[Scipy-svn] r5259 - trunk/doc/source/tutorial
scipy-svn@scip...
scipy-svn@scip...
Sun Dec 14 08:24:21 CST 2008
Author: jarrod.millman
Date: 2008-12-14 08:24:19 -0600 (Sun, 14 Dec 2008)
New Revision: 5259
Modified:
trunk/doc/source/tutorial/basic.rst
Log:
minor updates
Modified: trunk/doc/source/tutorial/basic.rst
===================================================================
--- trunk/doc/source/tutorial/basic.rst 2008-12-14 14:05:54 UTC (rev 5258)
+++ trunk/doc/source/tutorial/basic.rst 2008-12-14 14:24:19 UTC (rev 5259)
@@ -5,6 +5,8 @@
.. currentmodule:: numpy
+.. contents::
+
Interaction with Numpy
------------------------
@@ -14,12 +16,12 @@
functions (addition, subtraction, division) have been altered to not
raise exceptions if floating-point errors are encountered; instead,
NaN's and Inf's are returned in the arrays. To assist in detection of
-these events, several functions (:func:`isnan`, :func:`isfinite`,
-:func:`isinf`) are available.
+these events, several functions (:func:`sp.isnan`, :func:`sp.isfinite`,
+:func:`sp.isinf`) are available.
Finally, some of the basic functions like log, sqrt, and inverse trig
functions have been modified to return complex numbers instead of
-NaN's where appropriate (*i.e.* ``scipy.sqrt(-1)`` returns ``1j``).
+NaN's where appropriate (*i.e.* ``sp.sqrt(-1)`` returns ``1j``).
Top-level scipy routines
@@ -44,8 +46,8 @@
Type handling
^^^^^^^^^^^^^
-Note the difference between :func:`iscomplex` (:func:`isreal`) and
-:func:`iscomplexobj` (:func:`isrealobj`). The former command is
+Note the difference between :func:`sp.iscomplex`/:func:`sp.isreal` and
+:func:`sp.iscomplexobj`/:func:`sp.isrealobj`. The former command is
array based and returns byte arrays of ones and zeros providing the
result of the element-wise test. The latter command is object based
and returns a scalar describing the result of the test on the entire
@@ -55,32 +57,34 @@
complex number. While complex numbers and arrays have attributes that
return those values, if one is not sure whether or not the object will
be complex-valued, it is better to use the functional forms
-:func:`real` and :func:`imag` . These functions succeed for anything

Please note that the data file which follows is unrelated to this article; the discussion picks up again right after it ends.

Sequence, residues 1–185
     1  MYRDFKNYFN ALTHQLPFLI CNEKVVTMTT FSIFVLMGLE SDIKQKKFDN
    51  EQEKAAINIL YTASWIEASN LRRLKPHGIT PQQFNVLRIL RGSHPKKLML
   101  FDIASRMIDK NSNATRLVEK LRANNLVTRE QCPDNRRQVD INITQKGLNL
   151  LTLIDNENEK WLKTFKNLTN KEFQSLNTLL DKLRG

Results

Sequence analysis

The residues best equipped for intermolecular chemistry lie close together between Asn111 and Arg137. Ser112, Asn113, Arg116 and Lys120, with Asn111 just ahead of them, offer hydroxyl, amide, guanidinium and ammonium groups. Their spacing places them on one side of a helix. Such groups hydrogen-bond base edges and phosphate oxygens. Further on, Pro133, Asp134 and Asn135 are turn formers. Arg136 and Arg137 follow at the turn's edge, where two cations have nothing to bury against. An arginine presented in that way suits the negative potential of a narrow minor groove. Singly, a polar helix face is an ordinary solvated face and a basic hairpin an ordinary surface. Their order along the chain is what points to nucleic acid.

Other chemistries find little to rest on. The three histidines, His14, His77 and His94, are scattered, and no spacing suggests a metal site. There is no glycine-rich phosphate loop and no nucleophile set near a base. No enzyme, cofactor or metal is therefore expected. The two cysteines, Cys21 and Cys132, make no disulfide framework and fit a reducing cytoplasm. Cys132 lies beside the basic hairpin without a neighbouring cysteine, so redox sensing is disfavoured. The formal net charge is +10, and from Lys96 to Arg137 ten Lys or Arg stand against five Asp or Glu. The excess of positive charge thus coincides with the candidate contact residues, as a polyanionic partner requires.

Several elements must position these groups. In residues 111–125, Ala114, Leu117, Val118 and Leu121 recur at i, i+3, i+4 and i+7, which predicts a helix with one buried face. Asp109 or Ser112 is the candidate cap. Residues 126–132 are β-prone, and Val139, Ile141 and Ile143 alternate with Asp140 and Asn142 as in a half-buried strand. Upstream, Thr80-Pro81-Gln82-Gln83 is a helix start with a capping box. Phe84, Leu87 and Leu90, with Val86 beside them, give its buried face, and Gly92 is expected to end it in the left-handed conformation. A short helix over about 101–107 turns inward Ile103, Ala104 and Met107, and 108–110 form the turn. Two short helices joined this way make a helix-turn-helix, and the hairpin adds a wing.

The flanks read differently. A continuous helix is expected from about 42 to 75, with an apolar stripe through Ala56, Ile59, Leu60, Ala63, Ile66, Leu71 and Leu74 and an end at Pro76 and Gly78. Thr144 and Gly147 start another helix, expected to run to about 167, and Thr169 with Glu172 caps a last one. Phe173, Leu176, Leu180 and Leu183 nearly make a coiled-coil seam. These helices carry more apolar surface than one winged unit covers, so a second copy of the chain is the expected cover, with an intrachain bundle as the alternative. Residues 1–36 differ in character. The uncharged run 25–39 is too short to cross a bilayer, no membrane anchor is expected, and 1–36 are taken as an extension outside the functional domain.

+:func:`sp.real` and :func:`sp.imag` . These functions succeed for anything
that can be turned into a Numpy array. Consider also the function
-:func:`real_if_close` which transforms a complex-valued number with
+:func:`sp.real_if_close` which transforms a complex-valued number with
tiny imaginary part into a real number.
Occasionally the need to check whether or not a number is a scalar
(Python (long)int, Python float, Python complex, or rank-0 array)
occurs in coding. This functionality is provided in the convenient
-function :func:`isscalar` which returns a 1 or a 0.
+function :func:`sp.isscalar` which returns a 1 or a 0.
Finally, ensuring that objects are a certain Numpy type occurs often
enough that it has been given a convenient interface in SciPy through
-the use of the :obj:`cast` dictionary. The dictionary is keyed by the
+the use of the :obj:`sp.cast` dictionary. The dictionary is keyed by the
type it is desired to cast to and the dictionary stores functions to
-perform the casting. Thus, ``>>> a = cast['f'](d)`` returns an array
-of :class:`float32` from *d*. This function is also useful as an easy
-way to get a scalar of a certain type: ``>>> fpi = cast['f'](pi)``.
+perform the casting. Thus, ``sp.cast['f'](d)`` returns an array
+of :class:`sp.float32` from *d*. This function is also useful as an easy
+way to get a scalar of a certain type::
+ >>> sp.cast['f'](sp.pi)
+ array(3.1415927410125732, dtype=float32)
Index Tricks
^^^^^^^^^^^^
-Thre are some class instances that make special use of the slicing
+There are some class instances that make special use of the slicing
functionality to provide efficient means for array construction. This
-part will discuss the operation of :obj:`mgrid` , :obj:`ogrid` ,
-:obj:`r_` , and :obj:`c_` for quickly constructing arrays.
+part will discuss the operation of :obj:`sp.mgrid` , :obj:`sp.ogrid` ,
+:obj:`sp.r_` , and :obj:`sp.c_` for quickly constructing arrays.
One familiar with Matlab may complain that it is difficult to
construct arrays from the interactive session with Python. Suppose,
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